Former President Barack Obama (D) says he disagreed with former President George W. Bush (R) on a “whole host of issues,” but the “institutions what we had in place were still more or less intact” after his presidency.
“Things were tough in 2008, 2009. We were going through the worst recession since the Great Depression, a massive financial crisis. We were still in the midst of two wars,” Obama said as he reminisced on the beginning of his presidency.
He continued, “We, I think, were overcoming a decade in which the possibilities of common work and common purpose had been diminished and downgraded, and government had been starved of the resources that were needed to make us a more equal and just and compassionate society, and yet, I have to say that the foundation stones, the institutions we had in place were still more or less intact.”
However, Obama said, “My predecessor, who I disagreed with on a whole host of issues, still had a basic regard for the rule of law and the importance of our institutions and democracy.”
“On the world stage, there was still a sense that America needed to lead, and that that leadership meant that as imperfect as we might be, there were certain ideals and values that were going to aspire to and advance,” he added.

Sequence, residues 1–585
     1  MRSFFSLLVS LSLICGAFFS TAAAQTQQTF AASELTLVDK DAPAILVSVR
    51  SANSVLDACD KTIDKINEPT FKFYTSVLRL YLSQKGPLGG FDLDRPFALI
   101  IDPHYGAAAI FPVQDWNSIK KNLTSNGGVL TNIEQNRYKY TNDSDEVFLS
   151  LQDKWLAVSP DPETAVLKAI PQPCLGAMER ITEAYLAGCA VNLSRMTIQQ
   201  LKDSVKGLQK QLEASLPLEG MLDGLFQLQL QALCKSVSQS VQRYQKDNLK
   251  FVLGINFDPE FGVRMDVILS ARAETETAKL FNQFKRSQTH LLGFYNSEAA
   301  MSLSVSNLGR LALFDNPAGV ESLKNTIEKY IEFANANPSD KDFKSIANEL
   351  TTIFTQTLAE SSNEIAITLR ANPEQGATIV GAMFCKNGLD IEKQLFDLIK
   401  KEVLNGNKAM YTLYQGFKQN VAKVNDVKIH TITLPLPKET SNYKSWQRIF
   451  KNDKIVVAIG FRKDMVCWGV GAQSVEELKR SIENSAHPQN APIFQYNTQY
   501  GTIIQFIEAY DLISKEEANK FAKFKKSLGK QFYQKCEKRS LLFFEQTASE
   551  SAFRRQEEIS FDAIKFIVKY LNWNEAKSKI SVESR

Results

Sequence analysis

Obama explained, “We cared about human rights. We cared about battling against the oppression of peoples in distant lands. And that we try and uphold — both in our own country, but around the world — certain core principles around rule of law, and the universal dignity of people, and the need for us to provide assistance for those who were suffering either from natural catastrophes or because of underdevelopment.”
Watch the video below:
President Barack Obama on George W. Bush: "My predecessor, who I disagreed with on a whole host of issues, still had a basic regard for the rule of law." pic.twitter.com/jRjR9TKTOH
— The Hill (@thehill) June 24, 2020
In comparison, Obama said, “What we have seen over the last couple of years is a White House enabled by Republicans in Congress and a media structure that supports them. That has not just differed in terms of policy … that suggests facts don’t matter, science doesn’t matter.”
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